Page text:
Overture: In which we discuss savvy and silly
I have heard savvy travel stories in the common rooms of youth hostels and guesthouses. Their raconteur tells of his quick-thinking in the face of bureaucracy or venality or danger, narrates how he sidestepped a wicked border guard, sliced through red tape, or just had the wherewithal and impeccable timing to pay somebody off: “So I slipped him twenty ducats.”
That’s not me. In travel, as in daily life, I am much more likely to refuse an extra fee than to arrange one. The only occasions when I have paid dubious fines—and half the time I couldn’t tell you if they were bribes, tips, or legitimate transactions—I’ve done so only after officials have pulled me with embarrassing patience, like a donkey up a stairwell, to that outcome.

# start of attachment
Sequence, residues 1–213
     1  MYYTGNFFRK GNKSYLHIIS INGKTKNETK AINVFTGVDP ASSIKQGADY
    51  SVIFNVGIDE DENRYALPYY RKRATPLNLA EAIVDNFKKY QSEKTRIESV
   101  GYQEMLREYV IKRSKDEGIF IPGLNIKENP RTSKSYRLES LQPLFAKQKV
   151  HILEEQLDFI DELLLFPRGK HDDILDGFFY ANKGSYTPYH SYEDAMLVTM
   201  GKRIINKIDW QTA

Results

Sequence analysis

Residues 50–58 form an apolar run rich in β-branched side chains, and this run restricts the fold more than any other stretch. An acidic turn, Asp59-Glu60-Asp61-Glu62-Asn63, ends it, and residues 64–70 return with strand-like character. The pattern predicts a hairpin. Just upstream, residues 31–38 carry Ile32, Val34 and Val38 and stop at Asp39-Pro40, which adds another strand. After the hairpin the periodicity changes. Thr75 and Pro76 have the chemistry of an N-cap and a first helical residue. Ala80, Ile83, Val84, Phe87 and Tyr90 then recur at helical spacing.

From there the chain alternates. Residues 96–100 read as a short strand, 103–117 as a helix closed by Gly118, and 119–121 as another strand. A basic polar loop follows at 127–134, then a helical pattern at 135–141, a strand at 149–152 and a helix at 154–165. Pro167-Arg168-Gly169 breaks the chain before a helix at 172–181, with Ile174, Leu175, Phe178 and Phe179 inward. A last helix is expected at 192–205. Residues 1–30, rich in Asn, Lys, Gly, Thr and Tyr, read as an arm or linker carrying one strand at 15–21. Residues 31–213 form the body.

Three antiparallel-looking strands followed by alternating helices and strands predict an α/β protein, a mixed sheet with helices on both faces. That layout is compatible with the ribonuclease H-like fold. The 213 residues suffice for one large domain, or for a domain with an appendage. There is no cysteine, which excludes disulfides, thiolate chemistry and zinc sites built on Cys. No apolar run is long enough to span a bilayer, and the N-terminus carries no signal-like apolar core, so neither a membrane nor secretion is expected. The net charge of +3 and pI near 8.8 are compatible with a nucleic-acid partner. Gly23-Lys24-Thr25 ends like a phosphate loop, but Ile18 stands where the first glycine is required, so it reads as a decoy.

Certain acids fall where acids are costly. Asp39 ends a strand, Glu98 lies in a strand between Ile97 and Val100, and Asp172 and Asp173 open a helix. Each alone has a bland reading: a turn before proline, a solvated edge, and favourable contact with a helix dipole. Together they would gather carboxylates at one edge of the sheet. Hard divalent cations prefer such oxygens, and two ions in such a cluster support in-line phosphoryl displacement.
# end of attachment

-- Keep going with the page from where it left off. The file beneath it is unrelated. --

I do not know how to outwit officials. I always prefer to outwait. That suits my sometimes nervous, sometimes passive, and usually lazy nature (behavior which, sadly, breaks all the rules of good story plotting).
This is to say that I am not a savvy traveler.
However, there are moments on the road when I become silly. It’s not a strategy. It’s more of a character defect, I think. I can’t predict when it will happen, and I can’t always explain why. But it happened not long ago in the middle of Africa.
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Act I: In which we are forgetful
N’djili airport in the Democratic Republic of Congo was, according to some onlin...